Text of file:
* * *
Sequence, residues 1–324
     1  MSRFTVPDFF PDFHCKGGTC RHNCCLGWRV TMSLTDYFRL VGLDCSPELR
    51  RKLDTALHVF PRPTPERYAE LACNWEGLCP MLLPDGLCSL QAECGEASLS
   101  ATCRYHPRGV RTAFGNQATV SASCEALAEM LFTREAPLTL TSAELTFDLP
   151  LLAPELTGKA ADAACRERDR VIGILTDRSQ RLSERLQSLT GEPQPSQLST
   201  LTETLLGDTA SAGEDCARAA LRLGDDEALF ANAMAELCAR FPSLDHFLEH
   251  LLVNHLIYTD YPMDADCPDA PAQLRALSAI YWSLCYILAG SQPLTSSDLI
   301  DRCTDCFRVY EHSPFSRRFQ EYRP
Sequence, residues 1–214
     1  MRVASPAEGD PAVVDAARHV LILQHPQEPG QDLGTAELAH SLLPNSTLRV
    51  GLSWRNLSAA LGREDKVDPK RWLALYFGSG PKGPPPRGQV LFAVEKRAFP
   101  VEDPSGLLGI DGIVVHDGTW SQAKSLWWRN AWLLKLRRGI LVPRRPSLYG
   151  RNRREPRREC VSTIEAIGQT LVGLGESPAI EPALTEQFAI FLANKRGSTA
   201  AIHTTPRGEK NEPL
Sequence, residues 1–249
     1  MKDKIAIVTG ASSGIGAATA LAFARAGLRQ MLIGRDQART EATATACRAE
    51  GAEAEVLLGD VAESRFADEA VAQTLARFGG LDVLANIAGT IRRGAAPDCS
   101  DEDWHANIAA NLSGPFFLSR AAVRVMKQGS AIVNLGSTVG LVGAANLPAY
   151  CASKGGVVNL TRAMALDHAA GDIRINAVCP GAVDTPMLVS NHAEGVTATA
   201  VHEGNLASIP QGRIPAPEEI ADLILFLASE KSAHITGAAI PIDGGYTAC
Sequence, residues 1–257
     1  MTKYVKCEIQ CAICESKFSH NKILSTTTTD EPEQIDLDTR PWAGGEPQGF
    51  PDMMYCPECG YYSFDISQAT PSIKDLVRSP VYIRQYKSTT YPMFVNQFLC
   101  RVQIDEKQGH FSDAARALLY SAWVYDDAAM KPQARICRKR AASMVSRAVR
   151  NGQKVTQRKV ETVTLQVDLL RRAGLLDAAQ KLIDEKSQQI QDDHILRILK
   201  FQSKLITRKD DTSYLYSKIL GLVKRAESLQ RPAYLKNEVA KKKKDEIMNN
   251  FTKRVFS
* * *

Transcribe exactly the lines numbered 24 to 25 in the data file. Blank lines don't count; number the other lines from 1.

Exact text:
   101  RVQIDEKQGH FSDAARALLY SAWVYDDAAM KPQARICRKR AASMVSRAVR
   151  NGQKVTQRKV ETVTLQVDLL RRAGLLDAAQ KLIDEKSQQI QDDHILRILK